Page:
This year’s Malaga Festival and its industry section’s Latin American Focus are celebrating Peruvian cinema and talent.
A number of Peruvian films are screening in the festival and industry section, including “El Caso Monroy,” by Josué Mendez, and Leonardo Barbuy’s debut feature “Diógenes,” which unspool in the fest’s main section and Zonazine sidebar.
As a meeting point for producers and directors from Latin American and investors from Spain and the rest of Europe, the Malaga Festival Industry Zone (MAFIZ) serves as a key hub that promotes the co-production of Latin American projects aimed at the international market.
For Barbuy, the premiere of “Diógenes” in Malaga brings it full circle.
“The project passed through MAFIZ in 2019, which opened up a series of opportunities for us,” the director tells Variety. “It was clearly an important showcase for the project. We were able to make contacts that bolstered the project. This made it possible to bring in co-production partners and access Ibermedia, the World Cinema Fund and the Aide aux Cinémas du Monde, which was important for ‘Diógenes.’”
The film centers on two siblings who are raised by their father in isolation in the Peruvian Andes and whose lives and reality are transformed by unexpected events.
Barbuy adds that the experience at MAFIZ has also continued to opened doors for future projects.
“Having a debut film in competition clearly generates attention and I’ve felt that there is interest in other productions that I’m thinking about.”
Barbuy is currently lining up his second feature, titled “Toro Mata.” Set in 1860, the film revolves around relationships of power on Italian estates in the Acarí Valley of southern Peru and the role of African slaves brought from Cartagena, the main port of entry for the South American slave trade at the time. The story also examines relations between powerful Italians, French and Spanish interests in the country and the role of the Peruvian forces from the high Sierra region.
“It’s a subject that has been discussed very little in Peru, which allows me to develop it in a more profound way while also telling an important historical story,” Barbuy says, adding that he’s very eager to find co-production partners.
The project has already received development funding in Peru and the script, which Barbuy is penning with assistance from Mexican writer Beatriz Novaro, is nearly completed.
Peruvian projects at MAFIZ
A number of Peruvian productions are being presented in the different sections of MAFIZ.
Taking part in the Malaga Festival Fund & Co Production Event (MAFF) are Ximena Valdivia’s “4EBER”; Sairah Josefina Choque’s “Gloria”; “La Otra Orilla,” by Francesca Canepa; and Sonaly Tuesta’s “Misión Kipi.”
MAFF Women Screen Industry is presenting “Aida,” by Alejandra Gómez, while four projects by female Peruvian directors took part in the Warmi Lab, a MAFIZ Latin American Focus initiative emphasizing gender equality: Kandy Nataly Aures’ “Cabeza de Toro”; María Jimena Calderón’s “Catorce”; “Ukhu,” by Sadeli Nina Contreras; and Gladis Flórez’s “Watukamunayki.”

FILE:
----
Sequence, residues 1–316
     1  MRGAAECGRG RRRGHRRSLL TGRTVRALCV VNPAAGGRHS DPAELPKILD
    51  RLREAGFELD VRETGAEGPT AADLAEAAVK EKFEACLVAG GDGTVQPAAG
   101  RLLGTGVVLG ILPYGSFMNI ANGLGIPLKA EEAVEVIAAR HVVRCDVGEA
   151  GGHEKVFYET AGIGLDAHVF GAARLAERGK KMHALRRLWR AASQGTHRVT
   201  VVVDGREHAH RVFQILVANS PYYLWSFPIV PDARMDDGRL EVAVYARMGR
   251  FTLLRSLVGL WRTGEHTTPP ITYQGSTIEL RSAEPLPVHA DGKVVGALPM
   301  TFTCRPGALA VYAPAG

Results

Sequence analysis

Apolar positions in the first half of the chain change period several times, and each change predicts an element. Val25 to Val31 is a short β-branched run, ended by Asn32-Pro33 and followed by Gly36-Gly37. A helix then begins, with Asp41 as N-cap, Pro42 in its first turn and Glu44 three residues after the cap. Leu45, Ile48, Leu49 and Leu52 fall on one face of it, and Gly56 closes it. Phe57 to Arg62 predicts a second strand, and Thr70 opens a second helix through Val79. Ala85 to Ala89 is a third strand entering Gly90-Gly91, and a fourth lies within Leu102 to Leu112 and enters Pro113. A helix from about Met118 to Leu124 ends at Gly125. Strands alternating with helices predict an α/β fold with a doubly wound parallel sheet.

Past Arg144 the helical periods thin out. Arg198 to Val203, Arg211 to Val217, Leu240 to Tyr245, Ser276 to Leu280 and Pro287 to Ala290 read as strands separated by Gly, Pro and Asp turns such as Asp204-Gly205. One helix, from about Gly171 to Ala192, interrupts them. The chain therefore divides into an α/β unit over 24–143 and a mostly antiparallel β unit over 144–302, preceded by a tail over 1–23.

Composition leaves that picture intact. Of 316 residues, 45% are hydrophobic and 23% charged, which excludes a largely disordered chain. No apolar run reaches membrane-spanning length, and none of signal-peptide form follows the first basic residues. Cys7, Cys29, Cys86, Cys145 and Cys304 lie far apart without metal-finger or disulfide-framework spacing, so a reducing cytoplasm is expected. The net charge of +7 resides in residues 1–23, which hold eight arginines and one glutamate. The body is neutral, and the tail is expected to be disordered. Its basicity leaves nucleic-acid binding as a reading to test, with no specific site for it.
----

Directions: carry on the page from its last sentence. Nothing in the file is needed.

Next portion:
Mauricio Freyre and Juan Daniel Fernández Molero, meanwhile, are participating in the works-in-progress event, Malaga WIP Ibero-America, with their respective films, “Estados Generales” and “Punku.”
In addition, Nazaret Patricia Sánchez Vega was part of Malaga Talent and Katya Zevallos Ynmenos took part in Hack Malaga, which focuses on digital creators.
Three Peruvian works are also screening as part of the Latin American Focus:
*Aldo Salvini’s 2021 science fiction-fantasy drama “El Corazón de la Luna” (“Moon Heart”), which follows a lonely old homeless woman who one day sees a mechanical angel that will change her life;
*Rossana Díaz Costa’s 2021 period drama “Un Mundo para Julius” (“A World for Julius”), about a boy from an upper-class family in 1950s Lima who, despite growing up in a mansion with servants, loses his innocence as he discovers that the world is full of injustices;
*“Invasión Drag,” Alberto Castro Antezana’s 2020 documentary looks at the impact that international drag queen shows held in Lima in 2017 had on the local LGBT+ community in a country that is very conservative and religious.
On Wednesday, Erika Chávez Huamán, of Peru’s Directorate of Audiovisual, Sound Production and New Media (DAFO), and Carmen Julia García Torres, head of the Country Brand and Image Strategy Office, presented the large opportunities Peru offers for local and international filmmakers.
In recent years the number of international productions shot in Peru has grown. Recent high-profile films and series that have filmed in the country include the forthcoming “Transformers: Rise of the Beasts” – so far the biggest project ever shot in Peru — and the Netflix series “The Queen of the South.”
“Peru’s participation in a major event like the Malaga Film Festival is a great opportunity to make our creativity visible and to promote it amongst the international community,” said Peruvian culture minister Leslie Urteaga Peña. “Many of the films and projects participating in the different sections of the Festival have the support of the ministry of culture, thanks to economic incentives, a policy that promotes the growth of an entire ecosystem for Peruvian film and audiovisual production.”
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